Such results had already begun to attract municipalities who in the U.S. are important players in affordable housing. After the housing meltdown they became even more interested in the robustness of the CLT land stewardship model. Across the U.S. CLTs radically out performed sub-prime and conventional mortgages in terms of both delinquencies and foreclosures (Thaden 2010). In both categories CLT housing proved itself much more stable. Losses hardly registered whereas they were high in conventional mortgages and soared in sub-prime.

Stemming the tide of urban social inequity: Scaling up CLTs

The potential of CLTs for addressing social inequities in Canada’s housing landscape is substantial. First, CLTs lock in affordability. The rising cost of housing has put incredible strain on household finances and has made housing itself out of reach for some. These affordability problems are most acute among low-income groups such as lone-parents who experience enormous difficulty finding housing they can afford. While social housing exists in principal to address these affordability problems government subsidies have precipitously shrunk over the last 25 years resulting in inadequate supply (Gaetz et al. 2014).

Second, CLTs can help alleviate housing related indebtedness. The rising cost of housing is driving the accumulation of record levels of household debt (Walks 2013). Households in Canada’s large, metro regions are, generally speaking, the most indebted. Household indebtedness is greatest in the suburban fringes and in gentrifying inner city neighborhoods where young families, immigrants to Canada, single parents, and low-income households are disproportionately affected (Walks 2013).

Third, CLTs can help preserve neighborhood diversity. Rapid increases in house prices have deleterious consequences for social equity at the neighborhood level. The gentrification process tends to decrease levels of social mix and increase income inequality; in other words, neighborhoods that rapidly appreciated in terms of their land values often see reductions in their share of immigrants, visible minorities and low-income households, becoming ‘whiter and wealthier’ in the process (Walks and Maaranen 2011).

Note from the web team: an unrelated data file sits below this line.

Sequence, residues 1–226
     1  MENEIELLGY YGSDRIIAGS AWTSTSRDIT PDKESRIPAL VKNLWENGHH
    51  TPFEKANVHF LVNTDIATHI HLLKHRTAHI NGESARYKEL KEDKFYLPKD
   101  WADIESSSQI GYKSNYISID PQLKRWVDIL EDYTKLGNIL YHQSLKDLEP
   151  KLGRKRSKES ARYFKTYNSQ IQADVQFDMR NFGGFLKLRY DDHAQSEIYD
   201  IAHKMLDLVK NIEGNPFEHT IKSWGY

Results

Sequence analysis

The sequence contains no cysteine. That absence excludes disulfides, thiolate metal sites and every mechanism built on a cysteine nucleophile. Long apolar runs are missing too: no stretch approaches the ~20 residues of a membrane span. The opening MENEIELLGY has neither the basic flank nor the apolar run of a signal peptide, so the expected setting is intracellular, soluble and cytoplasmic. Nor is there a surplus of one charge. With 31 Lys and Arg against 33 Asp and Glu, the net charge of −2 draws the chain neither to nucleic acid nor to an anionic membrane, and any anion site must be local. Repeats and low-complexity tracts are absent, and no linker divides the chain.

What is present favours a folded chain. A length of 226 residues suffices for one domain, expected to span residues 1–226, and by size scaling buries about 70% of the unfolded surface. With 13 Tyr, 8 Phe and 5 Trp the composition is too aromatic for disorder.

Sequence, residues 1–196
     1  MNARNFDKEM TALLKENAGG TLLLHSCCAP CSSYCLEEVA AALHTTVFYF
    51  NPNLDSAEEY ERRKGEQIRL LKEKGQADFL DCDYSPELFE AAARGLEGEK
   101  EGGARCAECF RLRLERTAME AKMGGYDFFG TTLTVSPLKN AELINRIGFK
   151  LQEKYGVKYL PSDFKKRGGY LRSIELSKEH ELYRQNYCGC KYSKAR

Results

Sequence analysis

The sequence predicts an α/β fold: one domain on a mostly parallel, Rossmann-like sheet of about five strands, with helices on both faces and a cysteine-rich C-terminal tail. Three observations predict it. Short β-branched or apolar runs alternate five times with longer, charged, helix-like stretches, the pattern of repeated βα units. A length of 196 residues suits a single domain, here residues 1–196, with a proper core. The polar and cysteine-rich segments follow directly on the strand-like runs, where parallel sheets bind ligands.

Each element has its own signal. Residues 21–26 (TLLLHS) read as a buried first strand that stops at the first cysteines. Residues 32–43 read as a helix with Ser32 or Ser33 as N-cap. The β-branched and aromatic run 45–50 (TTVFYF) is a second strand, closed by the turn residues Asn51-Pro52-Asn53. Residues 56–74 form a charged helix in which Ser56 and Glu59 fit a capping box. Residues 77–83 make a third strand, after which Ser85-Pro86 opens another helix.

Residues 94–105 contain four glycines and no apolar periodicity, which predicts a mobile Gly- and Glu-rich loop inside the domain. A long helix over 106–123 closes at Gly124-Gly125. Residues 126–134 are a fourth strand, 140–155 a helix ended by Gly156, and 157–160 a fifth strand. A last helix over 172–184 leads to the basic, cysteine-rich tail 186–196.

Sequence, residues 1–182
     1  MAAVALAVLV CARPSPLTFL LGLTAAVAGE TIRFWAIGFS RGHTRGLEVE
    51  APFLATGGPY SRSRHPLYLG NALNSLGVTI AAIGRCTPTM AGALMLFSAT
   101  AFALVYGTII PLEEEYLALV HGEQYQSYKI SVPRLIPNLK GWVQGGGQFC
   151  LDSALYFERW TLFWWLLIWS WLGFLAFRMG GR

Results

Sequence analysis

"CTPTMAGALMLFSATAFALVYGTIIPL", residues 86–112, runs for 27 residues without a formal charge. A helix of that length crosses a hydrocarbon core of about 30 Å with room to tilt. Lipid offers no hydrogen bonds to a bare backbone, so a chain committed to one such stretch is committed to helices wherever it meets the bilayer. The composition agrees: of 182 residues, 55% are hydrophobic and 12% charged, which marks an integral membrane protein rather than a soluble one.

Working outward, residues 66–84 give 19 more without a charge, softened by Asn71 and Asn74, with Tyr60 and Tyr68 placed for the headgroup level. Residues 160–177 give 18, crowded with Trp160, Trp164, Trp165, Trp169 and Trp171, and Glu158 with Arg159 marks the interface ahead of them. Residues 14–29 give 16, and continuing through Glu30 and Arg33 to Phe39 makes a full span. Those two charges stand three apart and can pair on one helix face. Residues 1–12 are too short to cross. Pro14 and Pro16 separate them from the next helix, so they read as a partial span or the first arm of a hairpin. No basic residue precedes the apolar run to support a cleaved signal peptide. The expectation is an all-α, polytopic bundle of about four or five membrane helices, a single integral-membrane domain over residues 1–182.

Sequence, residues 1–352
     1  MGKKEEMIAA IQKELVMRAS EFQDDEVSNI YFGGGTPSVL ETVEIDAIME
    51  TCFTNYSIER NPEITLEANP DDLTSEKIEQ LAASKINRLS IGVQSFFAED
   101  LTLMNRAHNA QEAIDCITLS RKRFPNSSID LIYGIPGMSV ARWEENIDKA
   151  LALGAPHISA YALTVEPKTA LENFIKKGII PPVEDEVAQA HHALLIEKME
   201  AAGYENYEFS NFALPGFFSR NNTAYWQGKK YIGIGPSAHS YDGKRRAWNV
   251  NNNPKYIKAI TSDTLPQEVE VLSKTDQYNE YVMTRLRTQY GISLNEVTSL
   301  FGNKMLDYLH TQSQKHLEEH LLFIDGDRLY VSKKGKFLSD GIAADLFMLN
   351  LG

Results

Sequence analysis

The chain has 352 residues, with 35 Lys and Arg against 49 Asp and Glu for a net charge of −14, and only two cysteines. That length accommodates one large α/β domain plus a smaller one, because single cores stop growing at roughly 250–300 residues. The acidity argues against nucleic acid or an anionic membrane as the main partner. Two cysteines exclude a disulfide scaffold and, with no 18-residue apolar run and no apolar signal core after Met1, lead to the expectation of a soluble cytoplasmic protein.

Alternatives to Canada’s traditional ‘ownership model’ are badly needed to address these fundamental problems, alternatives that transcend rigid dichotomies –privately owned vs. publically owned, market-driven vs. collectively controlled, owners vs. renters – that have structured tenure norms in Canada’s housing system. CLTs are one such alternative.


Gaetz, S., Gulliver, T., and Richter, T. 2014. The State of Homelessness in Canada 2014. Homelessness Hub Press: Toronto, ON

Lewis, M. and Conaty, P. 2012. The Resilience Imperative: Cooperative Transitions to a Steady-State Economy. New Society Publishers: Gabriola Island, B.C.

Statistics Canada. 2013. Homeownership and Shelter Costs in Canada. Statistics Canada: Ottawa, ON.

Thaden, E. 2010. Outperforming the market: Making sense of the low rates of delinquencies and foreclosures in community land trusts. National Community Land Trust Network: Portland, OR.

Walks, A. 2013. Mapping the Debtscape: The Geography of Household Debt in Canadian Cities, Urban Geography, 34(2), 153-187

Walks, A. and Maaranen, R. 2008. Gentrification, Social Mix, and Social Polarization: Testing the Linkages in Large Canadian Cities. Urban Geography, 29(4), 293-326

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Riding the Orange Wave to a Moral Economy?

Yesterday was an historic day in the province of Alberta. After 44 years in power, the Progressive Conservative (PC) party was unseated by the New Democratic Party (NDP). Most people I know feel like they have just witnessed the impossible. Some have downplayed the NDP’s historic win as more a reflection of dissatisfaction with the PCs than affiliation with the NDP. In light of all of this, I couldn’t help but think about Karl Polanyi’s (1957) classic thesis regarding the ‘double-movement’ of capitalism.  Polanyi argued that, try as they might, free market advocates can never completely disembed markets from society. Markets are always embedded in society in one way or another. For example, markets depend upon families and schools for the social reproduction of labor power. They also depend upon welfare programs that support surplus labor during economic downturns. This emdeddedness is the site of a constant struggle between the movement towards the liberalization of markets from outside interference and a counter-movement seeking to regulate and constrain market forces to respect and protect human life and communities. What we see reflected in our politics is a constant tension between classical economists’ dream of a pure self-regulating market and the social desire for a moral and humane economy. In ways I think we witnessed the counter-movement to Alberta’s decades-long experiment in resource-dependent liberal economics. The social fabric was fraying. I think people could feel this. The NDP represented a social democratic alternative to the social conservatism of the PC party and the Wildrose Party. The question remains, will Alberta ride the orange wave to a moral economy?